Modern Civil Defense – Part 1, by 3AD Scout

What might a revived civil defense program look like in the United States?  What may trigger the Federal government to implement civil defense actions and what impacts might those actions or inactions have on you, your family or your preparedness group’s plans for survival?

Where Civil Defense Ended

To understand what the federal government might do in the future for civil defense we need to start by looking at the past.  In the 1950s through the 1970s American Civil Defense (CD) centered around “protecting” the population through fallout shelters.  A massive undertaking surveyed building across the United States to deem them worthy of protecting occupants from the radiation caused by a nuclear war.  After these shelters were identified and marked with signage, the federal government, in partnership with state and local governments started stocking the shelters with water, “food”, medical supplies and radiation detection equipment.  Local Civil Defense organizations were established, and people were recruited and trained to manage theses shelters and how to use radiation detection equipment.  Nearly all the standardized “food” supplies stocked in these shelters were just crackers made from bulgar wheat that did not last very long.  The other “food” was a carbohydrate supplement, also known as hard candy.  The US was now supposedly ready for an attack, or were we?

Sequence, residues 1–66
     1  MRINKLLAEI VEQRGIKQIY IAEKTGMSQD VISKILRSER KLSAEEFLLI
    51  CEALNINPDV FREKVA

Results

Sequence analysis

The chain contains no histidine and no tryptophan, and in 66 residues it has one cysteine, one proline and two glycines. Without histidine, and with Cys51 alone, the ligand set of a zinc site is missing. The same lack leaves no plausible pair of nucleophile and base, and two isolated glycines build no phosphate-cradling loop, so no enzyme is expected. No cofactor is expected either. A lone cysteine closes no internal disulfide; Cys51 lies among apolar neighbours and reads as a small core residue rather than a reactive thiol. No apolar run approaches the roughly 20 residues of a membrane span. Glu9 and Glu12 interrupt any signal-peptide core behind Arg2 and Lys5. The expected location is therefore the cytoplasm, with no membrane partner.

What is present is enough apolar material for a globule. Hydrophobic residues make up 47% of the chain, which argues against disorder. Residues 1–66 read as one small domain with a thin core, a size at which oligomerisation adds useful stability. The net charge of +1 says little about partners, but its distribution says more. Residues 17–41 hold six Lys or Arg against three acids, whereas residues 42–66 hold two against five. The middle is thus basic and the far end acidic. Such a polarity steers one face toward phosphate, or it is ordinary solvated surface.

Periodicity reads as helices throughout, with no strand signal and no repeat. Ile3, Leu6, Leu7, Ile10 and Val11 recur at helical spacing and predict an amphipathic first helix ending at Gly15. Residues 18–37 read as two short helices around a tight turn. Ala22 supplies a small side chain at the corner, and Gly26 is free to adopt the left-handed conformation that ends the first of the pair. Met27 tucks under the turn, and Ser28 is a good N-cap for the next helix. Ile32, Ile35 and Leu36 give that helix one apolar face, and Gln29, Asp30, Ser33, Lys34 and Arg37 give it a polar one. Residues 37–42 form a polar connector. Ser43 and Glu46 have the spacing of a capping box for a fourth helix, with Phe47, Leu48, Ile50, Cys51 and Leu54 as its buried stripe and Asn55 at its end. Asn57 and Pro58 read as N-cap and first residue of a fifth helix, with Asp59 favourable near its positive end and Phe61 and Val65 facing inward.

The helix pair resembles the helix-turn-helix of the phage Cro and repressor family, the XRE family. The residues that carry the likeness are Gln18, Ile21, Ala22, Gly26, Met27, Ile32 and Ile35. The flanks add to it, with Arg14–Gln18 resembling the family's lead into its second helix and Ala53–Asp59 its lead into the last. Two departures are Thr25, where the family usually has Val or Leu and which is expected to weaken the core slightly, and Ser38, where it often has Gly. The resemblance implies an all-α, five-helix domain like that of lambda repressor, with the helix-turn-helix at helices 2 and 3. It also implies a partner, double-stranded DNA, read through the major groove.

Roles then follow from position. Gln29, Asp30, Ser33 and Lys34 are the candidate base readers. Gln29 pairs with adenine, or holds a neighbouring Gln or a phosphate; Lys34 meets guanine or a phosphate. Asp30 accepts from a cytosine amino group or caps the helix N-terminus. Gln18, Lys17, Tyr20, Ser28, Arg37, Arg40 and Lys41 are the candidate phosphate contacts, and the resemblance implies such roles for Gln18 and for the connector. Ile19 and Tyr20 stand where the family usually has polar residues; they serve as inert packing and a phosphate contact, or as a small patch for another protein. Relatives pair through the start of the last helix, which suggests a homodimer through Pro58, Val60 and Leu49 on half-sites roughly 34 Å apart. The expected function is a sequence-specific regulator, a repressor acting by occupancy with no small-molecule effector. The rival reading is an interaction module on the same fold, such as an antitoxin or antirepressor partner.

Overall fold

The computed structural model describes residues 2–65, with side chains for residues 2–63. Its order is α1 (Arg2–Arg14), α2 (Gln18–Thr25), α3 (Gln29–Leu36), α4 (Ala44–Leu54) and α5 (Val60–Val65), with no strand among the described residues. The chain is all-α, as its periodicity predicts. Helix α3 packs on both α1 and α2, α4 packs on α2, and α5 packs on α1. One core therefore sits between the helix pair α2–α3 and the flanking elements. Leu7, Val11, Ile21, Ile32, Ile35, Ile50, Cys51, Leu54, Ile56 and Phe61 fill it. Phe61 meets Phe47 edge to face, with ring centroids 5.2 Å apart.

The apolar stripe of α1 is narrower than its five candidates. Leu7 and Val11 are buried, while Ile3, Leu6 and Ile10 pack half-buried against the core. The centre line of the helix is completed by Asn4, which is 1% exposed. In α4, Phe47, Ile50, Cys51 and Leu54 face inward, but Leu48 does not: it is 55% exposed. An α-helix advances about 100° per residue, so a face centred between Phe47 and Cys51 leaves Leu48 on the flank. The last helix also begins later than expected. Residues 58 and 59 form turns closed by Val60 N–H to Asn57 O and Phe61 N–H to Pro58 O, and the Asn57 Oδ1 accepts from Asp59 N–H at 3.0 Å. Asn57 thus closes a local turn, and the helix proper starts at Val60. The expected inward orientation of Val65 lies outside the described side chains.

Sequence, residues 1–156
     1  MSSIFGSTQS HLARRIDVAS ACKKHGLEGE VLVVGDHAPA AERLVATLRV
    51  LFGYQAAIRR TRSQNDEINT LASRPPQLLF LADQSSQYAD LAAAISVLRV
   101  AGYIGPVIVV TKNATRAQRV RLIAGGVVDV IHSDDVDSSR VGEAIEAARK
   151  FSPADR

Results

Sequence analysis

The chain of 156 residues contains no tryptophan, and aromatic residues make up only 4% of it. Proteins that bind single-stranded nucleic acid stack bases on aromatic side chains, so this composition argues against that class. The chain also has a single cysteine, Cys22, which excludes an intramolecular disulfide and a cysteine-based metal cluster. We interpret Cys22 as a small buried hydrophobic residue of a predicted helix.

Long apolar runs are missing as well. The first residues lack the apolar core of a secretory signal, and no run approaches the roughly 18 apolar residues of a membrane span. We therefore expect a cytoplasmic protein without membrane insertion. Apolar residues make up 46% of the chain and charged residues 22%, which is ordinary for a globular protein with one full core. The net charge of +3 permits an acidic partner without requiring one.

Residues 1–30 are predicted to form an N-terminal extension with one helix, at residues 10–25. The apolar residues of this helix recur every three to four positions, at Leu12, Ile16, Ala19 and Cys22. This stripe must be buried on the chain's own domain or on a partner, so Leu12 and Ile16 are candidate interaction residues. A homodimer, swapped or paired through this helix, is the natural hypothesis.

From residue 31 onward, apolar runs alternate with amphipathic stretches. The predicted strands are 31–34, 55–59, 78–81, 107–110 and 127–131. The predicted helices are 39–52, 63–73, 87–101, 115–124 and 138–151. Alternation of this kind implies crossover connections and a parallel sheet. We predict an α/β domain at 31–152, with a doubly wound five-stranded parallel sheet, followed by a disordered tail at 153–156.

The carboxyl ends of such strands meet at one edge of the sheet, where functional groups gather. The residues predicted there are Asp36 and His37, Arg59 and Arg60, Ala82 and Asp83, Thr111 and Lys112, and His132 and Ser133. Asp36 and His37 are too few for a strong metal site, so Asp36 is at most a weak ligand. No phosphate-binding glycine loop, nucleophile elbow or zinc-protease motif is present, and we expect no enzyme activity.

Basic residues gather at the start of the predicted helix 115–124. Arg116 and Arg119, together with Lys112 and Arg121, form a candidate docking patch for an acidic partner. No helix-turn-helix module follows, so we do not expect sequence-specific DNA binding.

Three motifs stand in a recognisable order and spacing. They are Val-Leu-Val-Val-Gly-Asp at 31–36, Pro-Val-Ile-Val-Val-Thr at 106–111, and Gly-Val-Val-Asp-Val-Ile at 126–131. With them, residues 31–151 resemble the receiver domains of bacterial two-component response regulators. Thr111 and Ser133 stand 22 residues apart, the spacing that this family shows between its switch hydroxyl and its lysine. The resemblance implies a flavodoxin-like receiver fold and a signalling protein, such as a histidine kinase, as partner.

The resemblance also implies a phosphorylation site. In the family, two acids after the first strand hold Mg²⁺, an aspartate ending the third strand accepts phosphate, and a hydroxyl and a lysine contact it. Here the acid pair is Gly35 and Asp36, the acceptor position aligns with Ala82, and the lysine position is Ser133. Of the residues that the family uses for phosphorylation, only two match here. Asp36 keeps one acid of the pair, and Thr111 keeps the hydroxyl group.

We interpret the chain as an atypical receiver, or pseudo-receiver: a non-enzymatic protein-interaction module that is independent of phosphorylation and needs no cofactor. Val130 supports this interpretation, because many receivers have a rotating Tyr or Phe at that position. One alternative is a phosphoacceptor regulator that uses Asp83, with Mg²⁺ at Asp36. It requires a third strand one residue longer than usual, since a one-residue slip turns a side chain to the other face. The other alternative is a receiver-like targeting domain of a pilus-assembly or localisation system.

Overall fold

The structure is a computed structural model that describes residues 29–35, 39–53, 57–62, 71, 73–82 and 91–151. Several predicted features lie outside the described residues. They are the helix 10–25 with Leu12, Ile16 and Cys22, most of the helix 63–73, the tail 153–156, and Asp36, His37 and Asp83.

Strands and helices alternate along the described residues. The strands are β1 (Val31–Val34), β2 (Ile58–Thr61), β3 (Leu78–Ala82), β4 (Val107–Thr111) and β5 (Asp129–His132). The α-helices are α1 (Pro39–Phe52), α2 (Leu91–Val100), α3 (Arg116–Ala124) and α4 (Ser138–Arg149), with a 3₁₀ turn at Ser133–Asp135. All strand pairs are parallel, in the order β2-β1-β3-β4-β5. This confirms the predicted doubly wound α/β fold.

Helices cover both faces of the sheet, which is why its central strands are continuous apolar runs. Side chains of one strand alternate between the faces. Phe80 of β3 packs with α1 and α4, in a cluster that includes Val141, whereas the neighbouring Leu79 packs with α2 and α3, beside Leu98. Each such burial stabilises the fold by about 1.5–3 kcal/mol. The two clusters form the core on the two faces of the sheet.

Civil Defense – Take Two

In 1979 the Federal Emergency Management Agency (FEMA) was formed and took over civil defense duties.  Soon after, the concept of Crisis Relocation was adopted by the United States government.  Crisis relocation was the federal government’s admission that fallout shelters did nothing to protect the occupants from the blast, and heat effects from a nuclear explosion.  Crisis relocation was calculated to save millions of lives from the effects of nuclear explosions, all by simply moving millions of people from America’s largest cities into less populated areas in about three days’ time.

Crisis Relocation had many detractors who pointed out the improbability that Crisis relocation would work.  It was predicted that an evacuation of New York City would take about a week versus the requisite three days.  In 1985 the concept and planning, “had been largely eliminated”, this according to an article in the New York Times.  Before a new civil defense plan could be created, the Soviet Union collapse. The perceived need for civil defense collapsed with the Soviet Union.  Since the mid-1990’s there have been no actions taken for civil defense for nuclear war for the civilian population.